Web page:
Photo by Nicole Geri on Unsplash
Have you ever gotten yourself so immersed in an activity that time seemed to wither away, as all your focus, your energy, and your emotion were only poured into what was in front of you? Perhaps you started at 9 am, then seemingly moments later when you looked up at the clock it was 4 pm and you hardly noticed that your bladder was bursting at the seams?
This is what psychologists call flow states, and their existence is actually backed up by science. Flow states are accessed when you are so completely immersed in what you are doing that your sense of time seems to disappear, and all your mental and physical energy is being put into only the activity at hand.
Psychologist Mihály Csíkszentmihályi, who coined the term in the late 1960s, describes it as "an optimal state of consciousness where we feel our best and perform our best."
Although the concept of flow has been around for as long as human history, Csikszentmihalyi’s research made him the godfather of flow in the middle of the last century. Through his research, he found four fundamental consistencies with the flow:
According to neuroscience, here’s what is happening...
There is a distinct pattern in the brain that is occurring when you reach a “flow state.” There are five different neurotransmitters interacting when this happens: Dopamine (basically a skill booster), Norepinephrine (actually a stress hormone, but triggers a glucose response to give you more energy), Endorphins (relieve pain, induce pleasure, make you happy), anandamide (a cannabinoid, which actually feels similar to the effects of marijuana), and serotonin (the happy chemical).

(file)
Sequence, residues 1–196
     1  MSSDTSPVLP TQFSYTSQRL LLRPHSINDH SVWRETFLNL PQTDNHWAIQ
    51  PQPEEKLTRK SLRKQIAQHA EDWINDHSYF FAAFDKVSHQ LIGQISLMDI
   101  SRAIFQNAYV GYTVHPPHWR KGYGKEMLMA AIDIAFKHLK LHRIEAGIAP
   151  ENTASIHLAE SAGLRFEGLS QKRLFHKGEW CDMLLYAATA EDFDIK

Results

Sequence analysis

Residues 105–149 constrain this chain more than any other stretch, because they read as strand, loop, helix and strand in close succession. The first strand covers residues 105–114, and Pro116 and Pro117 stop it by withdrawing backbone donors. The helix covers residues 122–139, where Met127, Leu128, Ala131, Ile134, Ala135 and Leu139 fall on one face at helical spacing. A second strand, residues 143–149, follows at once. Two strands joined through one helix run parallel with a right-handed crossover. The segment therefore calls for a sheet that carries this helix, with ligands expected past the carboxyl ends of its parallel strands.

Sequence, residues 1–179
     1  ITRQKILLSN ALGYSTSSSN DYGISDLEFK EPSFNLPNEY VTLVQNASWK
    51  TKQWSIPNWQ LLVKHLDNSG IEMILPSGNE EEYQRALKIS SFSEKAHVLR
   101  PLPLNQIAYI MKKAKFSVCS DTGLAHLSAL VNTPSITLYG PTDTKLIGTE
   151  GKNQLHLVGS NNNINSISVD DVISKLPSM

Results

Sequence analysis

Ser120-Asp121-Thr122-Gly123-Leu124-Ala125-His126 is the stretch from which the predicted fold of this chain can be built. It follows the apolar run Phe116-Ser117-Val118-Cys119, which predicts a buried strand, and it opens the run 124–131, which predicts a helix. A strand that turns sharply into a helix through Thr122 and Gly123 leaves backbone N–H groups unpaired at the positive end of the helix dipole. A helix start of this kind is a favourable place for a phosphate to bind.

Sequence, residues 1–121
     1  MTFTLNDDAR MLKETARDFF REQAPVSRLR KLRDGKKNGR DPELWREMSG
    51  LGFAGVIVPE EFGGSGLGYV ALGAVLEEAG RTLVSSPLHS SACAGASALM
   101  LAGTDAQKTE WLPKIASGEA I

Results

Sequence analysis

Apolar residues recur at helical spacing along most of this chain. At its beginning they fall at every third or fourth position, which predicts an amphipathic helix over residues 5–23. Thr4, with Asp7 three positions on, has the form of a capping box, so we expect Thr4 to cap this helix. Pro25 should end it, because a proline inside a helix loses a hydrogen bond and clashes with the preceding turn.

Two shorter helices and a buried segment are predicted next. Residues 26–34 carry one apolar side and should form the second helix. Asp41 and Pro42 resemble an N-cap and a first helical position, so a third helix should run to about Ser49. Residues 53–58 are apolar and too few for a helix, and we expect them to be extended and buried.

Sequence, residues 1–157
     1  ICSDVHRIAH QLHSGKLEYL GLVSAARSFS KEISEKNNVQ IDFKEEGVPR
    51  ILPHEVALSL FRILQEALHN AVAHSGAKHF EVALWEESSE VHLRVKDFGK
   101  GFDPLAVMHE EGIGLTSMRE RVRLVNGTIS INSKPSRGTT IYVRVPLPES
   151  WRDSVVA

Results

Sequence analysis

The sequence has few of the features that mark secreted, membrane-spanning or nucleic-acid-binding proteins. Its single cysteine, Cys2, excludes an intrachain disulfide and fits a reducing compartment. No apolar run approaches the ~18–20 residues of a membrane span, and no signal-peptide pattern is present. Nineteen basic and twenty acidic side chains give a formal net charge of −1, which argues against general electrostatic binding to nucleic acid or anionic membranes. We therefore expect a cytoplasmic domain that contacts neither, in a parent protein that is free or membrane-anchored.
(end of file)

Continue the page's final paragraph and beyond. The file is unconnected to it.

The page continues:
When we reach a flow state, things seem pleasurable, enjoyable, and perhaps even easy. Some people are gifted with a job that puts them in a flow state. Artists, including musicians, writers, and painters, talk about getting into flow states when they immerse themselves in work. Professional athletes get into flow states and so do the weekend-warrior athletes who just derive simple pleasure from their chosen sport or activity. Even if people don’t get that desired flow from work, there may be things outside of work that get them in that blissful flow state.
Flow states don’t happen by accident, however. Although artists may have the gift of art, anybody can trigger themselves into a flow state. This powerful state of mind can help you be productive, and even just enjoy your work a whole lot more, and you don’t have to be on vacation or outside of work to achieve it.
I’d love to write out a recipe for you on how to achieve flow states. I’d give you an exact ingredients list measured down to the gram, then a step-by-step tutorial to get your brain into this wildly blissful state.
But I can’t quite do that.
What works for me may not work for you. And what works for me right now may change in the next 10 years, or 20 years. I used to get in a flow state with my coloring books as a kid, but these days I’m not much of a color-er so I can’t say I’d achieve the same flow state as I did then anyway.
There are a few common threads with flow states, however, that I can outline for you here. Some may be more relevant to you than others, and some may be relevant now but not down the road.
Here they are...
Flow states start with motivation.